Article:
Big things are happening at the corner of 3rd and Main. The Garden Theater, opened in August 1924, is getting much-needed renovations ahead of next month’s Frankfort Film Festival (Oct. 21–24), thanks to a successful $2.1 million capital campaign completed this summer. The restorations include a structurally sound roof and foundation supports, plus ADA accessibility, stage upgrades, marquee repairs and more.
It couldn’t be a better start for Katie Jones, who took the reins in June—the same day renovations began. A writer, actress and producer, Katie lived and worked in Los Angeles and Nashville before heading north. “When I heard the coolest old theater, The Garden, in my favorite place in the world, Frankfort, was looking for an executive director, it seemed like kismet,” she says. “There are so many things I’m looking forward to—getting to know the members of this community, who have already been so supportive, and enjoy- ing the shared experience of art in its different forms with them, are at the top of the list.”
So, what are Katie’s plans? She fills us in.
Q. What’s your vision for The Garden?
A. I want The Garden to be the community hub of Frankfort and sur- rounding areas. I want locals and vacationers alike to look up what is happening at the theater every day for something to do. Whether it be a playgroup for toddlers, after-school program, lecture series or big opening movie weekends, I want it to be a place that feels alive with events all the time. I also want The Garden to bring more commerce to Main Street, not just in the summer, but year-round. And music, I want to bring music to our stage.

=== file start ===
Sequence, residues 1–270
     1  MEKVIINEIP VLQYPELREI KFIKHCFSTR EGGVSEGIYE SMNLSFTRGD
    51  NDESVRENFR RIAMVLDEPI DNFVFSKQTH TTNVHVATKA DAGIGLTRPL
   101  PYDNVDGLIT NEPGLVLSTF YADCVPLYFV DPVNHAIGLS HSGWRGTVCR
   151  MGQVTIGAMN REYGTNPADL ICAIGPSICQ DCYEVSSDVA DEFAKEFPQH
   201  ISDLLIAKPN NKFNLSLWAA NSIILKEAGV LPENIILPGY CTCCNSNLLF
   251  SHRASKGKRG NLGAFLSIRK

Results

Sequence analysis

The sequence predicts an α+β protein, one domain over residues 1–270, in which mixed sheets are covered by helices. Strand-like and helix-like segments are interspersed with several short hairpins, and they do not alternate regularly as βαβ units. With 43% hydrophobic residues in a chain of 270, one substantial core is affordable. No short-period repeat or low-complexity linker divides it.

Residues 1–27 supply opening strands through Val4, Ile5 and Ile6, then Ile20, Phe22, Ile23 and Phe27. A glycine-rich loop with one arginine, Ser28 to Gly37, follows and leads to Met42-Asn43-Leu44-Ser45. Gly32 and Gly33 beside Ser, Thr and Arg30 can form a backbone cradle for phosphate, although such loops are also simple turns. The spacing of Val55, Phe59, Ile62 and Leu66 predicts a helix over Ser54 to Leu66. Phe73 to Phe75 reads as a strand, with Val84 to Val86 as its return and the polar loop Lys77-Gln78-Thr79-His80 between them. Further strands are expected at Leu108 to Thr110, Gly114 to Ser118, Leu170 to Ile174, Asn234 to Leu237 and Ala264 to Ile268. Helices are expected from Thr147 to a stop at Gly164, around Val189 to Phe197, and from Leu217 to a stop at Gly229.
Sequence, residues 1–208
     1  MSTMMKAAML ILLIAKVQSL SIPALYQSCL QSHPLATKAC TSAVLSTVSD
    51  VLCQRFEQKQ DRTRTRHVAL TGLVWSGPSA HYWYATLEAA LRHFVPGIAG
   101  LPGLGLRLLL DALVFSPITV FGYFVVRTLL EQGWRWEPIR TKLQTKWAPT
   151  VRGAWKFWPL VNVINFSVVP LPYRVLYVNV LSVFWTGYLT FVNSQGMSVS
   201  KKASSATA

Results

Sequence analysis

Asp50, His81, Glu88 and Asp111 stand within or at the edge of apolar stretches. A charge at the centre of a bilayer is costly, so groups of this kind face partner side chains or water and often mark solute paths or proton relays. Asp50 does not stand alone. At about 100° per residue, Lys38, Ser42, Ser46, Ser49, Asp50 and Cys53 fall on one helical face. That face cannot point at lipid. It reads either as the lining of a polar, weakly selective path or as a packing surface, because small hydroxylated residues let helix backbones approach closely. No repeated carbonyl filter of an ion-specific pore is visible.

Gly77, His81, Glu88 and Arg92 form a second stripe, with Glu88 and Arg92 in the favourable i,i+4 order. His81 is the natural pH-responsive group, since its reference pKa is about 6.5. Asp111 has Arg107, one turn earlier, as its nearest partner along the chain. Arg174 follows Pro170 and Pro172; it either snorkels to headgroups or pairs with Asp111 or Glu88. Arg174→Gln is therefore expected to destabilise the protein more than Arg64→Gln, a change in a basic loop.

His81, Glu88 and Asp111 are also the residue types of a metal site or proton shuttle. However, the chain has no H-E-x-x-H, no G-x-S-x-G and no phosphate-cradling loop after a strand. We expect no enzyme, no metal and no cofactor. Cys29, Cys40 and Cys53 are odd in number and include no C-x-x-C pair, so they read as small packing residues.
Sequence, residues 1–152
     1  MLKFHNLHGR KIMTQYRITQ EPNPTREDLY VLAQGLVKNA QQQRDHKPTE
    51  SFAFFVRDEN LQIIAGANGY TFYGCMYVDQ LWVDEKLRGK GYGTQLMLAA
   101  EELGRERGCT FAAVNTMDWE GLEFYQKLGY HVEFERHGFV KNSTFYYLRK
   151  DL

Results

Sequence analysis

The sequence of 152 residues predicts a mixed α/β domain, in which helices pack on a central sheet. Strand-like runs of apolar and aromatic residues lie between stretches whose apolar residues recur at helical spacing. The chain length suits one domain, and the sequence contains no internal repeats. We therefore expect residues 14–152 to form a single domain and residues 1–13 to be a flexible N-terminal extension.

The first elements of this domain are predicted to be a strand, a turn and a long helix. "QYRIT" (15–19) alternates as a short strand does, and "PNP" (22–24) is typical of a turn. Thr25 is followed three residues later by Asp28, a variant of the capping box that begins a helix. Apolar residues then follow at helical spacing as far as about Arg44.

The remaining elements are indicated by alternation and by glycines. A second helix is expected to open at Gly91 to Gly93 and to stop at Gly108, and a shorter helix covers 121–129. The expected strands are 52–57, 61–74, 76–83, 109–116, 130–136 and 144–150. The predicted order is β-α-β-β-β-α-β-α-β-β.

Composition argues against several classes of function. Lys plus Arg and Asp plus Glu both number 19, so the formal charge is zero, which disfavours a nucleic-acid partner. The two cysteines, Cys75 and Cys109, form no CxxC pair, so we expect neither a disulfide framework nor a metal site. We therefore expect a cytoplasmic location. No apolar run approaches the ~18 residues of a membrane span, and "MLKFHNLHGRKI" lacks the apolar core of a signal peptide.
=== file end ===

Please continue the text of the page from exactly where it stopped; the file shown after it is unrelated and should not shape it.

Q. Is there a general timeline in mind?
A. The restorations are projected to be completed in early fall. We look forward to the Frankfort Film Festival being a celebratory event where we get to showcase our newly renovated building. We’re also looking ahead to more holiday events this year; stay tuned.
Q. What role do theaters play in our lives, especially in small towns?
A. The arts in any capacity are a portal to the world at large. They provide a way to explore and participate without travel. Theaters are direct conduits for this exposure. They also deepen cultural roots in a town by providing a space where people can gather and share in artistic events. The very foundation of community is created by stories of these experiences that get passed down from generation to generation. Small town theaters have the opportunity to be the cornerstone of their communities by connecting people, creating likeness amongst them and syncing them to the rest of the world.
Q. You have a four-generation connection to the Frankfort area. Fill us in.
A. Northern Michigan has been the most constant place in my life. I have spent every summer up here for some period of time since birth. My husband started coming here with me 12 years ago, and Northern Michigan gave him that same sense of home. The beauty in nature is our touchpoint. It’s where we find peace, family and community. The past year really challenged us to consider why we’re not in this environment full time. It brings me unimaginable joy seeing my kids have everyday experiences that I once waited all year for: boat rides, beach days, forest exploring and dinners with grandparents and great-grandparents.